Community grants awarded to Queensland cult

Almost $60,000 in Queensland community grants have been given to organisations linked to followers of a controversial cult leader.

The Courier-Mail has learned $10,000 from the Queensland 150th birthday celebrations fund was handed to an organisation linked to followers of the Magnificat Meal Movement founded by Debra Geileskey.

Ms Geileskey, now believed to be living in the US, persuaded cult members to donate millions to build a planned $45 million basilica. It was never built.

Nationals Member for Lockyer Ian Rickuss has called for an audit into more than $50,000 in state grants allocated to “community organisations” he suspected were run by MMM in the Helidon area, west of Brisbane.

Mr Rickuss said records also showed $45,000 from the state Gambling Community Benefit Fund was paid to the groups.

“I have bona fide groups – schools, church groups and youth groups – that missed out,” he said.

He feared the organisations’ fundraising activities might have benefited Ms Geileskey, who sold her million-dollar rural retreat and three luxury cars before moving to the US.

“We would hate to think this Government’s funds are also going to support Debra Geileskey’s lifestyle,” Mr Rickuss said.

None of the groups, which listed their addresses as PO boxes outside Helidon, approached Mr Rickuss for references before applying for the grants.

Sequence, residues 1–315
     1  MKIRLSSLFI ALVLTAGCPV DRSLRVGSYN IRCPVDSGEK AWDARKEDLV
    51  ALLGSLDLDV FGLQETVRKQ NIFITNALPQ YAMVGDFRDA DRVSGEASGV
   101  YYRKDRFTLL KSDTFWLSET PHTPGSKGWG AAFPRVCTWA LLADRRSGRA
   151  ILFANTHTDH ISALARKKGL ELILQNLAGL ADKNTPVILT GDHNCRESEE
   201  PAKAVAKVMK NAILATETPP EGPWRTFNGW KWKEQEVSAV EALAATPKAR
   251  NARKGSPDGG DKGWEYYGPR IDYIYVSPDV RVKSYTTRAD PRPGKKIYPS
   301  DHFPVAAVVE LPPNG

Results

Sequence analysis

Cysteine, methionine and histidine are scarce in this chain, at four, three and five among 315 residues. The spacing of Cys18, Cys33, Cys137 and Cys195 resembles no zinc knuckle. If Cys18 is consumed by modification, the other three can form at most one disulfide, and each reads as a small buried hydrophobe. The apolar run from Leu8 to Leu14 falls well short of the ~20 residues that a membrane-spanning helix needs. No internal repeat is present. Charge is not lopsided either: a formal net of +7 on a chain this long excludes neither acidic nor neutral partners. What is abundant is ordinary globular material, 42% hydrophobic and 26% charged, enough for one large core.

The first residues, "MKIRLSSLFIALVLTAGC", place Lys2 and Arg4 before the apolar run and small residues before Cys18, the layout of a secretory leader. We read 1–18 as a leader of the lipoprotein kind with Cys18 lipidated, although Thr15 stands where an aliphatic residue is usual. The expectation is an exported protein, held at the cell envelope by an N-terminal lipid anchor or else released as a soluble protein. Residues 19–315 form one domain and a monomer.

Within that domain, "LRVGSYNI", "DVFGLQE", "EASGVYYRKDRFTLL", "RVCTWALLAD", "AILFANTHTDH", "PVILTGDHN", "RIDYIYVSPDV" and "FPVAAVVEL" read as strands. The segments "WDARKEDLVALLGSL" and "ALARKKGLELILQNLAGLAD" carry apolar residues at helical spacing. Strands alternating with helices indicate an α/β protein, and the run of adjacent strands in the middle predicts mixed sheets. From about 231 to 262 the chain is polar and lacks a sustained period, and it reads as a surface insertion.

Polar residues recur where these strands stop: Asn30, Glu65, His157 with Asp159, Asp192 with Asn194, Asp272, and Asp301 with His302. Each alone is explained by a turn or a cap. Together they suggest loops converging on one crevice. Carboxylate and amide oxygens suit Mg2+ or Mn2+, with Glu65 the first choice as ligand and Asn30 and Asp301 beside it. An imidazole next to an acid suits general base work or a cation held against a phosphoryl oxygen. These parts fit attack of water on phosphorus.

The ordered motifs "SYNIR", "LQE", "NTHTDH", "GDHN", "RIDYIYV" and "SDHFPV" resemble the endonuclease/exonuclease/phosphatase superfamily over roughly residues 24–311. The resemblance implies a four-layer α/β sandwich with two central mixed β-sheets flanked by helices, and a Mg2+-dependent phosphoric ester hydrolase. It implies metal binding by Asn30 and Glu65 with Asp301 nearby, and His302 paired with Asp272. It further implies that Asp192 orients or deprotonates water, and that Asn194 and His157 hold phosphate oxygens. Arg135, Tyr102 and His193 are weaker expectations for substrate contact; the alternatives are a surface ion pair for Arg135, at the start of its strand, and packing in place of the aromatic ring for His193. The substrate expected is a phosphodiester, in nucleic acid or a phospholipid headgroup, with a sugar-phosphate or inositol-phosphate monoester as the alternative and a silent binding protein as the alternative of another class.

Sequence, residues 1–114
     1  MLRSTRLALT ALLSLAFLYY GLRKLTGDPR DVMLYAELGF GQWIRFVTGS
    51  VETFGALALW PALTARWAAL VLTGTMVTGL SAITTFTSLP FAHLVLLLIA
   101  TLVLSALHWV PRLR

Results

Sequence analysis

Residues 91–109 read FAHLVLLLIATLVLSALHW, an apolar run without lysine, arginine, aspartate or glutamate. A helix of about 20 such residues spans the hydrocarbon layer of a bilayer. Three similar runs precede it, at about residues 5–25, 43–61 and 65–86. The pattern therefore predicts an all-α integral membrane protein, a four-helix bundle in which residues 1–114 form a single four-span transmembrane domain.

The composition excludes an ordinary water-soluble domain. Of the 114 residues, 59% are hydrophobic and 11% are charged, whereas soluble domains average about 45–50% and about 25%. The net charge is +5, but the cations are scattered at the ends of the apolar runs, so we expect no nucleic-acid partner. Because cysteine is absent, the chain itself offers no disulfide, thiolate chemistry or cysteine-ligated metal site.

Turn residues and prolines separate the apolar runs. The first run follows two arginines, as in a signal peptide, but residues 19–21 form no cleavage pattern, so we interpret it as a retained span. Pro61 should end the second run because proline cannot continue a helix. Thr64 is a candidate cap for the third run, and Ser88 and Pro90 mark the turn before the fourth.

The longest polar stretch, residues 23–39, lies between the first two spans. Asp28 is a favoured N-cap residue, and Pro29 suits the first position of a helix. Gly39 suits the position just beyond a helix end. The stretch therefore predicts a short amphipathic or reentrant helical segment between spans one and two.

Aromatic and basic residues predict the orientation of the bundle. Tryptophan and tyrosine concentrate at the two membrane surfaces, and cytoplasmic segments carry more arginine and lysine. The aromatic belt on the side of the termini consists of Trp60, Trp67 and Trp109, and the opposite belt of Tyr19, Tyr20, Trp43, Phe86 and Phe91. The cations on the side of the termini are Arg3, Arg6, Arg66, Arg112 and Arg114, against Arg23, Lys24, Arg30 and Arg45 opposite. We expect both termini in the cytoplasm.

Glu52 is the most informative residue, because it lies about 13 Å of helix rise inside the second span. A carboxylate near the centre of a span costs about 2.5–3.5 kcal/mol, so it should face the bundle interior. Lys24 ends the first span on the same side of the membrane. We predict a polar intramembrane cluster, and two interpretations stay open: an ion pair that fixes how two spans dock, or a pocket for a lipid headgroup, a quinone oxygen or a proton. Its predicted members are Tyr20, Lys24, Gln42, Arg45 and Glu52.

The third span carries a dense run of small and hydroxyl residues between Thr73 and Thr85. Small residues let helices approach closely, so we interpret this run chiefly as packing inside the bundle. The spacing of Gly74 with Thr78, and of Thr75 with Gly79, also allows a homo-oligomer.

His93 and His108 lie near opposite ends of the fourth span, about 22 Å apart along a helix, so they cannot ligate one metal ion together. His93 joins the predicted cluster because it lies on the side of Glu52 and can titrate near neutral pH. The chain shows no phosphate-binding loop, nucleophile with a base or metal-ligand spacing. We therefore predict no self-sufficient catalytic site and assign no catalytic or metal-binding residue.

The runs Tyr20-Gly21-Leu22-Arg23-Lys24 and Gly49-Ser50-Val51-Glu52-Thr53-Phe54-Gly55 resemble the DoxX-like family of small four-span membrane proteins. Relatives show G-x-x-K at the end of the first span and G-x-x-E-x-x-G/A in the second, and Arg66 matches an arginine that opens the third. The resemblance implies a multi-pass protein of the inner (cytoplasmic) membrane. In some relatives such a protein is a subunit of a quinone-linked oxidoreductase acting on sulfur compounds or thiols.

“Most of the groups that get grants invite me to either open them or to see them in operation. That hasn’t happened (in this case),” Mr Rickuss said.

The organisations believed headed by cult followers included the Helidon Sports and Recreation Association, Tabletop Junior Arts and Craft Club, Southeast Queensland Junior Astronomers and the Helidon Celtic Historical Society. Some are on a website, registered to cult follower Clare Birchley.

Helidon residents said the groups did not post their meetings on community bulletin boards.

Tabletop Junior Art and Craft Club president Susan Lindsay admitted she was a MMM supporter, but said that had nothing to do with the club’s activities.

“We have nothing to do with Magnificat Meal Movement and nothing do with Clare Birchley,” she said.

Astronomy group leader Laurence Cameron denied knowledge of MMM but Mr Rickuss and a respected local resident, who declined to be named, believed the group was linked to MMM.


(Listed if other than Religion News Blog, or if not shown above)
Tuck Thompson, The Courier-Mail, June 16, 2008,

Religion News Blog posted this on Sunday June 15, 2008.
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